All I did was adjust the total cases down by 500 (from 3500) and added the data. Ho hum, ANOTHER state with fewer projected cases. Nice! Oh… and since there are ZERO deaths there, the death rate remains an initial assumption.
Covid-19 “Quick Look at Ohio”
Hot new numbers just released for Ohio. Looking good Ohio! I adjusted the total cases down a sniggle, to 2200 from 2500, and so had to increase the mortality up a sniggle to 1.2%. This is the third state I’ve adjusted DOWN today. This is likely due to the rapid increase in testing settling in. At first, it finds lots of cases, but then positives become more rare. Perfect!
Covid-19 “Quick Look at Oregon”
I didn’t change anything… just added the new data. Bullseye… right on the money. Except, I brought DOWN the mortality rate a tad from 3% to 2.5%. All good!
Covid-19 “Quick Look at Pennsylvania”
Look at these beautiful stats. It makes my mouth water. Because the stats are so good, I made a different kind of adjustment to them than usual; I *sharpened* the peak. This means that the peak gets here a little earlier, but the epidemic is over sooner! The FACT that these are tracking so well is reason for celebration!!! Why? Because it means that everything is progressing as it should, and we are more confident when it is all gonna end. Of course, we are very sad for our lost ones, I’m not diminishing that, but sitting in my chair, I am exhuberant!
Covid-19 “Quick Look at S Carolina”
Had to adjust this one up a bit. Not because anything is happening, but because my original stab in the dark was low. The data are still very noisy!
Covid-19 “Quick Look at Tennessee”
Didn’t change a thing, just updated the data.EXCEPT, I had to turn down the mortality rate. Oh, yeah.
Covid-19 “Quick Look at Washington”
Another state I get to adjust DOWN today. I am liking it. The epidemic in Washington is one of the earliest infections, and has been long and drawn out. This is certainly a “flattened” curve. But I don’t think I like it much. I want it over. If I were a political leader, the last thing I would want is a long, drawn-out epidemic. Fast and furious, get ‘er done. Maybe all the state crack-downs is the right idea.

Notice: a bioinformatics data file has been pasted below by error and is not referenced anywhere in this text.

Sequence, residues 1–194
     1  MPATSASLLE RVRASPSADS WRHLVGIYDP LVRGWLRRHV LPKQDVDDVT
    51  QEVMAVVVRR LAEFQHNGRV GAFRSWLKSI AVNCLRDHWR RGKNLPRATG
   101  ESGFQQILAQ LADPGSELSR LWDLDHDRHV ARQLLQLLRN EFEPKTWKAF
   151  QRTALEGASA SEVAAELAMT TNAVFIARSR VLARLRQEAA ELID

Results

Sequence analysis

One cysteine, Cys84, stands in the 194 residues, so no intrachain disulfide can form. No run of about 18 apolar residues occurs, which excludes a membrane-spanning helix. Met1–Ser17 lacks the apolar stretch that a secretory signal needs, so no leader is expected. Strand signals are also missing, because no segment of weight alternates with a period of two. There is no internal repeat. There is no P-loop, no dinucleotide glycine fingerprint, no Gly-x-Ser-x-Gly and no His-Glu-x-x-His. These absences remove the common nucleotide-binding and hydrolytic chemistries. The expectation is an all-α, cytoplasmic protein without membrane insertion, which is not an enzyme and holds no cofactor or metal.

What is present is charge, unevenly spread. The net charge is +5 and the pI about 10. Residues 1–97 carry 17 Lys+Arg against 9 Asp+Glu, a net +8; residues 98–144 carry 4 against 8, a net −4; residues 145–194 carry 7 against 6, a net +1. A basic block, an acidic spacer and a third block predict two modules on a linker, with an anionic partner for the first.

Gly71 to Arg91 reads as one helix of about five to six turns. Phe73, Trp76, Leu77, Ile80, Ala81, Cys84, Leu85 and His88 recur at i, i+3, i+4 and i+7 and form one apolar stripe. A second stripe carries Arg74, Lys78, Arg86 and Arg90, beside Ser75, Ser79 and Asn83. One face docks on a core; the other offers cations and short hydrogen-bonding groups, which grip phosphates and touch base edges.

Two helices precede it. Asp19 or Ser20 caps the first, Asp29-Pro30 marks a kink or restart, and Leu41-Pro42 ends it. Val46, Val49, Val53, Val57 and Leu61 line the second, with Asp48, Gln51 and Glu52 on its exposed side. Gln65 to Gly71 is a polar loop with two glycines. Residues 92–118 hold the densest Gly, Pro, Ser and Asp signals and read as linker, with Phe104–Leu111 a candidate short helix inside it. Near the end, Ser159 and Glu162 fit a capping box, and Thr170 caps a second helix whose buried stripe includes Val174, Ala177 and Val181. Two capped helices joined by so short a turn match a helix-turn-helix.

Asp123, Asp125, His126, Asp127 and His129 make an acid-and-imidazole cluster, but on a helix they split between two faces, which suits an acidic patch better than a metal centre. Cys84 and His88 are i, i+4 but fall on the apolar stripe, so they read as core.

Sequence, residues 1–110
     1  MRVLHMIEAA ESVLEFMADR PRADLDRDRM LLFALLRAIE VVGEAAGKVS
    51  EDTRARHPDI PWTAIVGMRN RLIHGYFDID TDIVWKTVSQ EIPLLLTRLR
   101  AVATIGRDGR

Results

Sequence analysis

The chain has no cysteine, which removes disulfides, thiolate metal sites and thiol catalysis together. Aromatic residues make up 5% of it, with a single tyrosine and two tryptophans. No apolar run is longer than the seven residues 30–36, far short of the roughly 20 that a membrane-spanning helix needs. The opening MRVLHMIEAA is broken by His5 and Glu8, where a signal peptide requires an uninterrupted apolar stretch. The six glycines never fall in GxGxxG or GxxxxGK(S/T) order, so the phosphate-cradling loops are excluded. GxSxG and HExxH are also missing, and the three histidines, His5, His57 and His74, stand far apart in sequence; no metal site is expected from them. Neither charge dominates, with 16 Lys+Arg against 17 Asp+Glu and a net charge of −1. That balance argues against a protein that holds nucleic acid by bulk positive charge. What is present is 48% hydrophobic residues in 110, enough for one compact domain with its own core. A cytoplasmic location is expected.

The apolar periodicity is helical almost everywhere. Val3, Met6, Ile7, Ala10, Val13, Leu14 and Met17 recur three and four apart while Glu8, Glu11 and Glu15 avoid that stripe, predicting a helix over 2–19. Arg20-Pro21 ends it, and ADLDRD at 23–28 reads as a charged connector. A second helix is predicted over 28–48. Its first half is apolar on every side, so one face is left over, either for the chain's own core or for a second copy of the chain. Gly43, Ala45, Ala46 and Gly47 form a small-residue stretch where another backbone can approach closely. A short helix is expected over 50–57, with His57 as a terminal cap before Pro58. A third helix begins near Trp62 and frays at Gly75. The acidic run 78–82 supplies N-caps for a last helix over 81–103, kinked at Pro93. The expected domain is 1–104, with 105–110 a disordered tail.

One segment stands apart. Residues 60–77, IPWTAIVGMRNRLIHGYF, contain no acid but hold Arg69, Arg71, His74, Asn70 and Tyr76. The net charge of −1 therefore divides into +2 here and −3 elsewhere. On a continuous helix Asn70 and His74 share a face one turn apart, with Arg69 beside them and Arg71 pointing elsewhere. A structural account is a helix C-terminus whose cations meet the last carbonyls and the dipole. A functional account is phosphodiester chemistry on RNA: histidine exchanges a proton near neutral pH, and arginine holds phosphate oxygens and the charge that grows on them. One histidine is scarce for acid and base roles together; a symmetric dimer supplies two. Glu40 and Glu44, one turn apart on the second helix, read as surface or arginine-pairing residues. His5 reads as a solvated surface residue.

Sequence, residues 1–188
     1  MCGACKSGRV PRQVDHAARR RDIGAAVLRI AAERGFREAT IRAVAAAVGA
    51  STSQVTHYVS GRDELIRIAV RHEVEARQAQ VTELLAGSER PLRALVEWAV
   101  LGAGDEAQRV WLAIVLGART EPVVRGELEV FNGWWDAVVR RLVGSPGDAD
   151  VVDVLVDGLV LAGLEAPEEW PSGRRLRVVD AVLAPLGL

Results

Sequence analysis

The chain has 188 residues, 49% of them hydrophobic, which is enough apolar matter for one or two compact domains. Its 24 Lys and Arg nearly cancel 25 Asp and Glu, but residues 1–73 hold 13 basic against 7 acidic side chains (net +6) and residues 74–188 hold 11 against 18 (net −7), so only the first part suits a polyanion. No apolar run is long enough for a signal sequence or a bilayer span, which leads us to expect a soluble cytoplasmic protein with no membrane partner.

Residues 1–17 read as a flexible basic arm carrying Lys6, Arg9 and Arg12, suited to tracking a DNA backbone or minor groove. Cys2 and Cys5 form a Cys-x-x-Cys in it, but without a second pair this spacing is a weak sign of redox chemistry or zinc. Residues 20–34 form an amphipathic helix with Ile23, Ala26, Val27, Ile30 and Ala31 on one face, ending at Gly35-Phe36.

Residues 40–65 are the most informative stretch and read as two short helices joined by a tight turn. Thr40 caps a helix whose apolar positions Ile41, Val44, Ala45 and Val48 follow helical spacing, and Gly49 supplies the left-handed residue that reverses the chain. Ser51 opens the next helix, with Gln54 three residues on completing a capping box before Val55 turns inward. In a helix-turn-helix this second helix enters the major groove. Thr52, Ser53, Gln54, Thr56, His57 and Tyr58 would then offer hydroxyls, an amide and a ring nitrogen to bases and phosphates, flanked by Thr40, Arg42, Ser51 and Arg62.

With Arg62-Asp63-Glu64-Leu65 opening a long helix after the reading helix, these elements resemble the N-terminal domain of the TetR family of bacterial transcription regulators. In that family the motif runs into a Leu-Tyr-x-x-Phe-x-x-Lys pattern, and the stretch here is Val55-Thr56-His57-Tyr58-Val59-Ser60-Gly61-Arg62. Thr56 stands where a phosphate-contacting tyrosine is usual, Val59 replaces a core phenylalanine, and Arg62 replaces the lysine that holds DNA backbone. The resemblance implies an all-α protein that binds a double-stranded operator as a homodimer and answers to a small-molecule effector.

Covid-19 “Quick Look at West Virginia”
West Virginia (new chart): Here is my biggest shot in the dark yet.
Covid-19 “Quick Look at Wisconsin”
Big drop in cases…. following the trend, so I DOWN adjusted. Woo Hoo!
Covid-19 “Quick Look at Australia”
Only added data, didn’t change a thing, except I got to decrease the death rate (Yesssss!). Talk about your testing artifacts! Whoa! They are tracking great. At their worst, and the numbers are small. Say a prayer of thanks for Australia.
Covid-19 “Model Update for S Korea”
Just added the data. Notice that their secondary infection (red squares) is leveling off. Perfect: a single secondary infection based in a elder care facility was contained. Much higher death rate there, of course. We are pleased that S Korea was on top of this. We need to learn from their example. I like having examples like this available, because things like this are certain to happen in the US, and our eyes will be trained to recognize them in the data.
Covid-19 “Italy Model Update”
Every day before I update Italy, I say a prayer. God help these people. 703 people died there today from this. The silver lining is that my initial assumptions about the secondary infection were really close, so the deaths plot is right on the money, so we know where they stand, and there is a light at the end of the tunnel. I’ve included a plot of the secondary infection in the graph, so you can see that their secondary infection essentially spreads out their peak. At precisely the time they were already at their peak. A perfect storm.
Pray for our friends in Italy. God grant them peace.
Covid-19 “Quick Look at India”
Well, so far my sense of “impending doom” India is unwarranted. Thank God! This is my first look at India.If you ask me to explain what I am looking at, I would hypothesize that they had a small initial infection *which they detected and contained.* And have since practiced good hygiene and distancing measures. Kudos appear to be in order.I hope that I am right, and I pray it holds. C’mon, India!
Covid-19 “Model Update for Iran”
Everyone pay attention!!! This is a FABULOUS example of what I have been describing. All I did was add the data.
Note that the “cases” is diverging recently, but the “deaths” is on the money. Clearly, Iran has increased its testing protocols… makes sense; the WHO is asking everyone to do it, and they are in clean up mode… Iran doesn’t want any secondary infections. So the increase in “cases” is not an *actual* increase in cases, merely an increase in the *fraction* of actual cases detected. Shows why the deaths curve is really the right way to track progress.
Hooray for Iran! Keep it up!!!